Slumping yields fail to attract crowd to German auction

Not enough buyers turned up to a German bond auction today as investors feared an impending capital loss after the recent slump in yields drove borrowing costs to an all-time low. But global fixed income markets continue to push yields down during this summer lull, ever hopeful that Chairman of the Board Ben Bernanke might tip his hat in Washington to evidence lurking somewhere beneath an unturned rock indicative of an end to the current slowdown.

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Treasury futures – Mr. Bernanke starts two days of testimony in a twice-a-year ritual that leaves him explaining to lawmakers the health or otherwise of the U.S. economy. With a host of recent economic indicators pointing to a lessening in the pace of growth bond buyers have depressed yields in the worry that the Fed has run out of room to ease policy any further. No doubt someone will raise the question today as to whether the Fed could reduce the deposit rate paid on banks’ excess reserves. Indeed newswires are buzzing with the prospect that Mr. Bernanke might raise the issue himself.

September treasury futures reached 123-10 in early trading although the contract has a narrow 10-tick trading range today, with a yield stuck at 2.91%.Eurodollar futures are also making minor gains as the curve presses lower.

European bond markets –In a sign of increasing frustration with ever-lower yields, German bond buyers failed to flock to an auction of €4 billion of 30-year bonds carrying a 3.25% coupon. While admittedly the interest rate environment looks benign, yields have fallen towards the bottom of a range of 4.92 - 3.08% during the past three years. And with economic growth accelerating during the second quarter, investors are clearly reluctant to steam headlong into such low yields with at least a reasonable economic outlook ahead. Not everyone shares the view that the Eurozone will participate in a double-dip recession even if the world actually arrives at one. Only €3.764 billion of the bonds were bid for leaving the cover at 0.94 before the Bundesbank picked up the slack. The September bund contract is unchanged on the day at 128.90 ahead of Friday’s stress test data. Euribor futures are five basis points higher in line with cash prices slipping in the money markets following an ECB liquidity add at a recent auction.

British gilts – Gilts managed to move ahead this morning despite continued unrest at the Bank of England where one of its policy makers argued on behalf of an end to easy money at last month’s MPC meeting. The minutes concluded that the prospect for inflation was not so-good-looking after the sales tax due to come into effect in 2011 is implemented. Nevertheless, in this benign period for central bank policy, September gilts added 10 ticks to 121.30 carrying a yield of 3.33%. Short sterling prices also advanced by two ticks as cash rates softened.

Japanese bonds – An index of business demand for loans fell deeper into negative territory according to Bank of Japan data spurring bond purchases at the 10-year horizon. September JGB futures rose by 12 ticks to 141.73 with the yield declining to 1.075%. The Bank’s loan index has been in negative territory for four quarters. Twenty year bond prices fell ahead of a ¥1.1 trillion bond auction later this week.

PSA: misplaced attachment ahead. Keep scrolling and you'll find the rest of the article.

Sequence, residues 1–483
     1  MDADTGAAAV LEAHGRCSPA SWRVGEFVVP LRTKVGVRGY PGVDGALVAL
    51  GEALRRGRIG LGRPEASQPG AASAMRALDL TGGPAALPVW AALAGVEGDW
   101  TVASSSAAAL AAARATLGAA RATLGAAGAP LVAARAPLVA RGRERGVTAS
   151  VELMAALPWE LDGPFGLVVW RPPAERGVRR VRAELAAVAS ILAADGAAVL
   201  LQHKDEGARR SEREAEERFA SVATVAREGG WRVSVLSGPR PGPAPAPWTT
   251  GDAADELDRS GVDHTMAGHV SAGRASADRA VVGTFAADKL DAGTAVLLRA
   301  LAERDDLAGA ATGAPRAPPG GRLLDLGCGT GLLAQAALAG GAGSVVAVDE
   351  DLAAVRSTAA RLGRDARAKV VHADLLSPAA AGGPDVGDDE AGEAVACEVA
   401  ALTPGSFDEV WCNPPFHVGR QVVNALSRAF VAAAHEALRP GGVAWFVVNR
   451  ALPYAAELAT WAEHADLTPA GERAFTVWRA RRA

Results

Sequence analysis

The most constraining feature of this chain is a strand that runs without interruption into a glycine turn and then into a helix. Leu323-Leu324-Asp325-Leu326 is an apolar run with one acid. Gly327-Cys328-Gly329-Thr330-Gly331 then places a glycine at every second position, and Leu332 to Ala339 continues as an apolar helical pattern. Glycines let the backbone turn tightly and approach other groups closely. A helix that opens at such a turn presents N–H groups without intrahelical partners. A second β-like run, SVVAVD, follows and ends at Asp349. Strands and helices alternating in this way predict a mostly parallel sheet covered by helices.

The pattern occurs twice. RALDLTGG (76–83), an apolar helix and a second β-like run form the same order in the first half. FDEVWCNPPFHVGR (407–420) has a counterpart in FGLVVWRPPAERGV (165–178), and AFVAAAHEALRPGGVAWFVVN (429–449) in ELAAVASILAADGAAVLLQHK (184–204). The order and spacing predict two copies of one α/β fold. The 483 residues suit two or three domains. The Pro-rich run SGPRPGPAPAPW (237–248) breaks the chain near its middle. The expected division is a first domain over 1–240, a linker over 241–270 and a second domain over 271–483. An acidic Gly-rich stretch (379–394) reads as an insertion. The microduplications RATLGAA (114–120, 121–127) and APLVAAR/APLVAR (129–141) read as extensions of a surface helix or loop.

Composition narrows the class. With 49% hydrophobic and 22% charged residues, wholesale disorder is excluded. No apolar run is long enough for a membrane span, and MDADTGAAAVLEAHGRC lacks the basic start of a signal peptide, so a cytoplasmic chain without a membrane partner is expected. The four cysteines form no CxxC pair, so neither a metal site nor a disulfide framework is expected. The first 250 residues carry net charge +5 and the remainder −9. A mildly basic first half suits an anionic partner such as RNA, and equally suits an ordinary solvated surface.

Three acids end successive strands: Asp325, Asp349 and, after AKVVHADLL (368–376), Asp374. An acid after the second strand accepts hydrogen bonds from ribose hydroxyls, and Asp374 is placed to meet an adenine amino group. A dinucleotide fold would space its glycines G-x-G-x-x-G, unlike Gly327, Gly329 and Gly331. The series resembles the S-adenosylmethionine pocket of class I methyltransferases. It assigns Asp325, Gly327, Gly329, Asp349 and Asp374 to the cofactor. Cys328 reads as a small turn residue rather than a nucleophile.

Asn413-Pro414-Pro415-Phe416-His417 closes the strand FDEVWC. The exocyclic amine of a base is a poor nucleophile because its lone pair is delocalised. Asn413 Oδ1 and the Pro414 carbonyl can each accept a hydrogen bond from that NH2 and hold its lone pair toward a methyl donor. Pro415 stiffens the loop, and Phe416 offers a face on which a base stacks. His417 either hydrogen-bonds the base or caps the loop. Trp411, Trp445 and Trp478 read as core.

Canadian bills – The Bank of Canada indeed raised interest rates by a quarter point on Tuesday but fuelled expectations that little would change ahead given the challenging external environment including the impending European bankers report on the health of 91 banks. Demand for government bonds has increased following the policy statement that indicates a lesser chance of further policy adjustment. The September bond future rose a further 14 ticks midweek driving a five basis points decline in yields to 3.14%. Bill yields also implied a lower chance of further tightening falling by around five basis points.

Australian bills – Following a major slump in price on Tuesday, Aussie government bonds were bought on Wednesday slashing four basis points off borrowing costs to a 5.16% yield. A weaker Aussie dollar also created a little uncertainty over growth prospects. Ninety day bill prices fell sending yields a little firmer, however.

Andrew Wilkinson is a Senior Market Analyst at Interactive Brokers LLC

Note: The material presented in this commentary is provided for informational purposes only and is based upon information that is considered to be reliable. However, neither Interactive Brokers LLC nor its affiliates warrant its completeness, accuracy or adequacy and it should not be relied upon as such. Neither IB nor its affiliates are responsible for any errors or omissions or for results obtained from the use of this information. Past performance is not necessarily indicative of future results.

About the Author
Andrew Wilkinson

Andrew is a seasoned trader and commentator of global financial markets. He worked for several London-based banks trading cash and derivatives before moving to the U.S. to attend graduate school. Andrew re-joins Interactive Brokers following a two-year stretch at a major Wall Street broker-dealer as their Chief Economic Strategist. His coverage of stocks, options, futures, forex and bonds regularly surfaces in global media, and over the last several years Andrew has made many TV appearances on Bloomberg, BBC, CNBC and BNN and Yahoo Finance.

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